first_imgAs summer is almost upon us – or at least as much of a summer as Britain normally gets – most of us like to have a barbecue in the garden when the opportunity strikes, and salad is nowhere to be seen in shops by Sunday afternoon. But does this hot weather affect the sales of hot savoury food? Do consumers, who are out shopping in a busy high street on a hot summer’s day, choose to grab a pasty-on-the-go, or a sandwich?”Summer is an interesting challenge. Pork pies and sausage rolls for salads, as well as bread rolls for homemade sandwiches and barbecue parties, usually increase with the rise in temperature,” says David Smart, production director at Greenhalgh’s Craft Bakery. He feels the variation in hot savoury sales depends on the summer weather. “Last year it was a very wet summer and we didn’t notice any drop in sales. We are waiting to see what will happen this year.”Usually in the summer, hot pies and sausage rolls face a bit of a dip – although any shortfall is usually compensated by the sale of pork pies and cold sausage rolls – while sandwich sales go through the roof. We are pushing those at the moment.”While the summer is typically a slump period for hot savouries, more generally, TNS data from previous years revealed that the hot savoury market had suffered an overall slump in sales. For example, the figures from December 2005 to December 2006 showed an overall decrease in sales of 5.4%. One of the main suggestions for this decline is thought to be the nation’s emphasis on healthier eating, an issue which has been the focus of many a TV programme over the last few years, such as ’You Are What You Eat’.TNS’ latest figures for savoury pastries on-the-go, show there has been an overall increase in the market by 3.36% (52 w/e 20 April 2008). However, a number of hot savouries have experienced a fall in sales since April 2007 – for example, Cornish pasties have fallen by 6% and quiche by 20.3%.But Greenhalgh’s is finding success with products such as quiches and has just launched a new range using a Scotch pie shell. Whether Greenhalgh’s production of hot savouries will vary over the summer is difficult to predict. “Production really does vary, maybe 5% less but it’s really hard to say,” says Smart.Official figures show sausage rolls have increased in sales by 2%, whereas another cold picnic favourite, pork pies, have dropped by 19.1%, and pork pie bars by 43.8%. This just shows that not all cold savoury pastry products are as popular as they were. Also on the decrease are savoury bakes, sales of which have dropped 52.2%. In contrast, however, sales of savoury slices have risen by 7.1%. It seems consumers may merely be changing their eating habits when it comes to hot savouries, rather than stopping buying them.Figures also show that the ’other pies’ category has increased by 9.1%, and the ’other pasties’ category by a huge 127%. This could be due to the increased number of pasty and pie shops, selling products made from a much wider range of ingredients than a standard meat pie.There are also many more products that would fall into this ’other’ category such as gluten-free pasties and vegan or vegetarian options. It seems that, in the land of 21st century pasty shops, there is a filling for everyone. Pasty fillings on supplier Proper Cornish’s menu, for example, include Cauliflower Cheese, Chicken Balti, Pork & Apple and Mexican Beef. Based in Bodmin, north Cornwall, Proper Cornish don’t tend to have a problem with a lack of pie and pasty eaters as the region is bombarded with tourists out and about on holiday, hungry for a tasty snack to eat on-the-go. “We have an enormous influx of tourists in the summer, due to the sheer volume of people coming to the south west, says Mark Muncey, Proper Cornish’s marketing manager. “Providing food-on-the-go has helped to increase sales.”The company does not promote its hot savoury products any less over the summer, but thought is given to the kinds of ingredients used in them. For example it tries to move away from the slightly heavier fillings, using different ingredients for different seasons – for example chicken and asparagus in summer. “Of course, in really extreme hot weather there is a dip, but only when it’s really hot. The important thing is the menu mix and the occasion,” explains Muncey.Outlets that cater specifically for people on the move, for example SSP’s retail chain The Pasty Shop, do almost as well in the summer as the winter months. Alan Kirkup, deputy marketing director for food travel operator SSP, explains that it depends on the brand. “We tend to use more lighter fillings in the summer, such as more vegetarian and chicken fillings, and fewer of the heavier fillings such as beef, but the main thing is to put in the things that people like,” says Kirkup. He explains that products such as bacon and cheese croissants will always sell well, because they are predominantly viewed as a breakfast food, whether it’s summer or winter.It seems the smaller pasty outfits aren’t fazed either. Ian Baldry started up I’s Pies in Brighton in 2005, opening a shop in Gardner Street, and has since opened a second shop in Queens Road. Going by sales of his hot savouries over the last couple of years, Baldry is also optimistic that sales will not falter over the summer months, explaining he only notices a drop in sales “when it’s really hot”.In terms of capturing a wide market, I’s Pies is open until later than most bakeries: for example, the Queens Road shop opens until 8pm on weekdays and midnight on Friday and Saturday. This means the shop can capitalise on people wanting an evening snack. It also offers a ’happy hour’ two-for-one promotion in the evening to draw in the punters.It seems most producers of hot savouries are undaunted by a hot summer. The key to success appears to be offering a varied menu and to having the ability to diversify. The pasty, it seems, is as popular as ever and, with Britain’s notoriously bad summers, the industry probably has little to fear.last_img read more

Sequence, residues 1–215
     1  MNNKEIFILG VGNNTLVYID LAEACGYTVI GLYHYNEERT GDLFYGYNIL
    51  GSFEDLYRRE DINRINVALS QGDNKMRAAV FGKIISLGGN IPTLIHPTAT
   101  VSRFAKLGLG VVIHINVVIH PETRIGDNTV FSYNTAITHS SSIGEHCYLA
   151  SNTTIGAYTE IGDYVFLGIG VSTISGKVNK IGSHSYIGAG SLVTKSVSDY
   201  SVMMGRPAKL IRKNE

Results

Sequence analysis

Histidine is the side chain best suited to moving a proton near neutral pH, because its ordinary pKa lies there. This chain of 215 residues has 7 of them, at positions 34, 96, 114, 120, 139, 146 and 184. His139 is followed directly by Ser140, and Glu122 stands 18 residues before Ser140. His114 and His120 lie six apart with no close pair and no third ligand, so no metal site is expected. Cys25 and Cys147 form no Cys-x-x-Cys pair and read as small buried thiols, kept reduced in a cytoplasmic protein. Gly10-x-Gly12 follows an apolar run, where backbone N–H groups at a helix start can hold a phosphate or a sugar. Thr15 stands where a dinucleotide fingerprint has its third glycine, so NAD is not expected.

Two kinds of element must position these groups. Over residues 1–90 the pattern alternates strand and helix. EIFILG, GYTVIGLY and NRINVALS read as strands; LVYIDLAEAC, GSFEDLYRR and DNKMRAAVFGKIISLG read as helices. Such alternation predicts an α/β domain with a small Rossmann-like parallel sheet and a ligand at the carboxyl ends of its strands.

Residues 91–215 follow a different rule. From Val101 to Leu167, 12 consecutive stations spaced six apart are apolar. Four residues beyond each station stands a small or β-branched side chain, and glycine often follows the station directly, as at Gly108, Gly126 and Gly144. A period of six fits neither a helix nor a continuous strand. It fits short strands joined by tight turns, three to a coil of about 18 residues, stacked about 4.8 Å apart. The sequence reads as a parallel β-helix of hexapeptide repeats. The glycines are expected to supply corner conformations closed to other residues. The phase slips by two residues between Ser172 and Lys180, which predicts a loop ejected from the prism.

Shop planning refusal could cost Costa